Mobile apps are widely used both for personal and business purposes. They’re convenient, easy to use, and in most cases free. However, there is a big downside to using many apps on your device, especially if you run a business or have employees who work for you.
One of the most common questions when it comes to following the NIST framework is when you should start implementing response plan procedures. Let’s say that you already have a response plan in place (which you should, as the response plan is one of the most important aspects of an online security system). In order for your response plan to come to action, you must first detect a threat or potential security risk in your system or network.
Spotting unusual activities in your system is crucial for preventing a cyber attack or at least stopping it from causing too much damage. However, it takes an experienced eye to spot a change in the system that might be caused by an external or even internal threat.
The National Institute of Standards and Technology's framework, better known as the NIST framework, is not in any way mandatory by law but it has become a necessity in cybersecurity. The number of cybersecurity risks is not expected to drop any time soon, which means businesses and organizations will have to continue their battle against cybercrime.
Billions of businesses all over the world operate online, whether completely or partially. Each business or company that uses IoT, cloud storage solutions, online platforms, or any other form of internet technologies is exposed to an inevitable risk of cyber-attacks.
One of the reasons why many small businesses neglect the importance of cybersecurity is because it seems way too complicated. Following safety procedures might seem complex at first but there are ways to make cybersecurity easier to implement in your business.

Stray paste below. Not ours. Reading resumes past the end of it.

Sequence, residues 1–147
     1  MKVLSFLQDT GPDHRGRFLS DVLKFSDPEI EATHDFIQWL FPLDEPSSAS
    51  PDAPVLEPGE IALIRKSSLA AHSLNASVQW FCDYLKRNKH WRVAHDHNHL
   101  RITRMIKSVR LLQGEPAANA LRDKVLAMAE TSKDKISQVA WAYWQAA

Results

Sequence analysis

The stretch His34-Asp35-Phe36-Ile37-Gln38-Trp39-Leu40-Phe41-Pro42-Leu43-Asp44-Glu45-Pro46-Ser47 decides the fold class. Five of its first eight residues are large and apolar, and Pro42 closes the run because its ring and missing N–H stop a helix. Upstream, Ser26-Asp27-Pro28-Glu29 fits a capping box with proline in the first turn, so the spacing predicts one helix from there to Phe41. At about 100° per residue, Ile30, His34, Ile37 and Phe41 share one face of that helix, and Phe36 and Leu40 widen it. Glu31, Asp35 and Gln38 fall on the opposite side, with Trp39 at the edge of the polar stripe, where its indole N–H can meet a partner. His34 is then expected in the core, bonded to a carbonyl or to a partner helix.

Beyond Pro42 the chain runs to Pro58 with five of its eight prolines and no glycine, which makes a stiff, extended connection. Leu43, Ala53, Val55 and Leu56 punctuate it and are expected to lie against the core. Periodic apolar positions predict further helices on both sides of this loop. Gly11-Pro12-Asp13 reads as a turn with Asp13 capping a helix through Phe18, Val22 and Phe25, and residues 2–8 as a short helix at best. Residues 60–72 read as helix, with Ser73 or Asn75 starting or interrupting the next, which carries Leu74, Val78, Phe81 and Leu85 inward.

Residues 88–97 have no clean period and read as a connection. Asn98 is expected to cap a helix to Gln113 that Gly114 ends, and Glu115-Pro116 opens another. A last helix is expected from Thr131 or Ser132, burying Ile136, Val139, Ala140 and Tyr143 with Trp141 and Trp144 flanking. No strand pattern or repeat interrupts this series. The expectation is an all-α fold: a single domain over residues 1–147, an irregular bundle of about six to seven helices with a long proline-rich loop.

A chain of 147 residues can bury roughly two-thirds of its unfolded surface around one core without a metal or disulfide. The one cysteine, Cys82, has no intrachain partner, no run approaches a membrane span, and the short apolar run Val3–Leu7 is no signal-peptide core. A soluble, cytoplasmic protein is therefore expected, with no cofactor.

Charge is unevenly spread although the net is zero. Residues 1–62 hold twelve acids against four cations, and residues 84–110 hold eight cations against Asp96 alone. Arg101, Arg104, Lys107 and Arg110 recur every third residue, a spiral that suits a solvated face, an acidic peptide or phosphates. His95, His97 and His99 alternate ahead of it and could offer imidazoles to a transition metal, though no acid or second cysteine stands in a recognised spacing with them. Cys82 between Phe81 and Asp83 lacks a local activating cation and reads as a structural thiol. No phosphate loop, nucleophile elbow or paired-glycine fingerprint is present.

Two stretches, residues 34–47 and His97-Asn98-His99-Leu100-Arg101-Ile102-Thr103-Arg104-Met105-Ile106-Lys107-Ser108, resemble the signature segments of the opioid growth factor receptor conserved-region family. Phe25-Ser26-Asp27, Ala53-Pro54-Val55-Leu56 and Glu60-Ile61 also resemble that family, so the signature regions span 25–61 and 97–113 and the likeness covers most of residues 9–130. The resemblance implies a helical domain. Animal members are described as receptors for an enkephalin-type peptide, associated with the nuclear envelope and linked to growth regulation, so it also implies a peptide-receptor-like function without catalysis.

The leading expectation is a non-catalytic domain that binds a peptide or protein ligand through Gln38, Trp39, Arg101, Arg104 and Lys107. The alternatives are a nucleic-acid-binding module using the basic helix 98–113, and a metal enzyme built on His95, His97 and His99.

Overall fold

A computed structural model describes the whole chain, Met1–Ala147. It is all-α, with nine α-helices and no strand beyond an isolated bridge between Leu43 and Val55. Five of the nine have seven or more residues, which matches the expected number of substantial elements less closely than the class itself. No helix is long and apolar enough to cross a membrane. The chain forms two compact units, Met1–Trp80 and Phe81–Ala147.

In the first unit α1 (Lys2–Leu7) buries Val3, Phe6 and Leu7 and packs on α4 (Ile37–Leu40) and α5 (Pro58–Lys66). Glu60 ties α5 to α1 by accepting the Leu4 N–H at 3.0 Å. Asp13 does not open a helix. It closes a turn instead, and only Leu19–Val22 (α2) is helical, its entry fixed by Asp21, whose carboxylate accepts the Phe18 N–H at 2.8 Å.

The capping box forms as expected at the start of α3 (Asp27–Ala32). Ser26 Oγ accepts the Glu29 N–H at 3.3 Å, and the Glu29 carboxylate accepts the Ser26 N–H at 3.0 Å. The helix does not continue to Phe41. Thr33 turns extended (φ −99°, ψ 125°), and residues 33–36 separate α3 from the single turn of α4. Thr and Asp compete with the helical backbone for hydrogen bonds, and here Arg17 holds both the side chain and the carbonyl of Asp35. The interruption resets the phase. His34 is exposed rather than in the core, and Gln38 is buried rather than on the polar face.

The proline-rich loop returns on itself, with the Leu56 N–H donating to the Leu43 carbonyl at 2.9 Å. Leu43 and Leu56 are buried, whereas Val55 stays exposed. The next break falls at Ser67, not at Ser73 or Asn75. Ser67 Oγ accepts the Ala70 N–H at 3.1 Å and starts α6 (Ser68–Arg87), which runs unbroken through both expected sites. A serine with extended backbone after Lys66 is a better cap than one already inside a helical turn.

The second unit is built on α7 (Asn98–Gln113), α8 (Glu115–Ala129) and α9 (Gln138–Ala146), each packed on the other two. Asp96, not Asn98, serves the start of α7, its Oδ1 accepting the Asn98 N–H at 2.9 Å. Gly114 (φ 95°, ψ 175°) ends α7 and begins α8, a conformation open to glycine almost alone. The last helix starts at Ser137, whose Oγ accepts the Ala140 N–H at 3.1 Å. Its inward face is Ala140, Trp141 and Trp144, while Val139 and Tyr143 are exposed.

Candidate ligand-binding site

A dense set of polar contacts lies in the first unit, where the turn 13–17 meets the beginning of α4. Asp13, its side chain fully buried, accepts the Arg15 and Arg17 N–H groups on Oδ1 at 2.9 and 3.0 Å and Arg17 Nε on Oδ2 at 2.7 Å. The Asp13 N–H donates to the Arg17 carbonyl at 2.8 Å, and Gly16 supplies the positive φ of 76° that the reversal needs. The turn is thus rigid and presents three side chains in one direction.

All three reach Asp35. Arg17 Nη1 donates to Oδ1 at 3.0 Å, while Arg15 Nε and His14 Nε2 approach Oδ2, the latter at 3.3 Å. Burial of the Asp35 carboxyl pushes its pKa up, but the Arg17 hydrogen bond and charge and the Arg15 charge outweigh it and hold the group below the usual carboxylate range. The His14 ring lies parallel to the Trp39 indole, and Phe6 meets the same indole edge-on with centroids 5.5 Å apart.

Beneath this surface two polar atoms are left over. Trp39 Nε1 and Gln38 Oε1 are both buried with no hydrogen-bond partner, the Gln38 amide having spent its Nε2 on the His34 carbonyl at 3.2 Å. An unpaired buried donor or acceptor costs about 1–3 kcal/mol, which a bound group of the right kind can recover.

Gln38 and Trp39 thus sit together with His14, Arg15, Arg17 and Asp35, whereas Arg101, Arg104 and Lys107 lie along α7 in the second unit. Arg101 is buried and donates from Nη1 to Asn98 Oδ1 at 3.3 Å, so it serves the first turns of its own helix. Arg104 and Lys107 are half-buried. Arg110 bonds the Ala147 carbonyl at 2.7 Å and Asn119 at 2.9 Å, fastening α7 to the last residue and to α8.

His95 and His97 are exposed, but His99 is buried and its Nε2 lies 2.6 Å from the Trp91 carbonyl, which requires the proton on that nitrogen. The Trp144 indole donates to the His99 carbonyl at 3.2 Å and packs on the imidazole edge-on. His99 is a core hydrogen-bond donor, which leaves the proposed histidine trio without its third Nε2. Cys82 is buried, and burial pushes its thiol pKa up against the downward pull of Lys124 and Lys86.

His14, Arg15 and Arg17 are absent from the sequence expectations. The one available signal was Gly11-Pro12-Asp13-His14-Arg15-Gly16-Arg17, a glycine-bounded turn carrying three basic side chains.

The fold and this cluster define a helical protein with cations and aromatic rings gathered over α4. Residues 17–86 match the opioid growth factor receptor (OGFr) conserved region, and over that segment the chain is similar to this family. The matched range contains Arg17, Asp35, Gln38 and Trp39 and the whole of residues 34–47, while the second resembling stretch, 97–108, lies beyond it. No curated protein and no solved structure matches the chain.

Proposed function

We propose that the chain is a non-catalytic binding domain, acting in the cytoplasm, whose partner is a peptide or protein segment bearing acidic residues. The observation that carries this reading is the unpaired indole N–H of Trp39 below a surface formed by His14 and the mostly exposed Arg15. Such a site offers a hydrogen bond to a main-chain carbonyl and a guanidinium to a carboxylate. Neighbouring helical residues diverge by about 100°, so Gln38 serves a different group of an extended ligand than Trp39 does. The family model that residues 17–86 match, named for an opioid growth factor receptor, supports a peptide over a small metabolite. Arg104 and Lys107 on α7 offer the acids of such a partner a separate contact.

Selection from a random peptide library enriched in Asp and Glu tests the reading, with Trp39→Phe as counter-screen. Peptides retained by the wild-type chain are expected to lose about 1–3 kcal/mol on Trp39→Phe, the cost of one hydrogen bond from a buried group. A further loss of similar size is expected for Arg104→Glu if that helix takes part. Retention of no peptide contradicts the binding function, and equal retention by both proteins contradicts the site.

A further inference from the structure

No matter what industry your business is in, it is currently exposed to numerous risks related to online security. The number of cyber attacks targeting small businesses keeps growing on a daily basis, which proves our point that every single business is facing some sort of a threat.
Recognizing unexpected and suspicious changes in your company’s system is crucial for preventing further damage caused by cybersecurity attacks. If a security attack or data breach goes unnoticed for a longer period of time, it is likely going to cause a tremendous amount of damage to your business.
The NIST cybersecurity framework offers voluntary guidance about securing businesses and protecting their networks and data from cybersecurity threats. According to the National Cyber Security Alliance, 60% of small businesses close down only six months after a cybersecurity attack.
Millions of devices and security systems were compromised in 2018 because of a large number of data breaches across various different industries. Even though some of the world’s largest corporations, such as Facebook, suffered plenty of consequences, small businesses took the largest portion of the damage.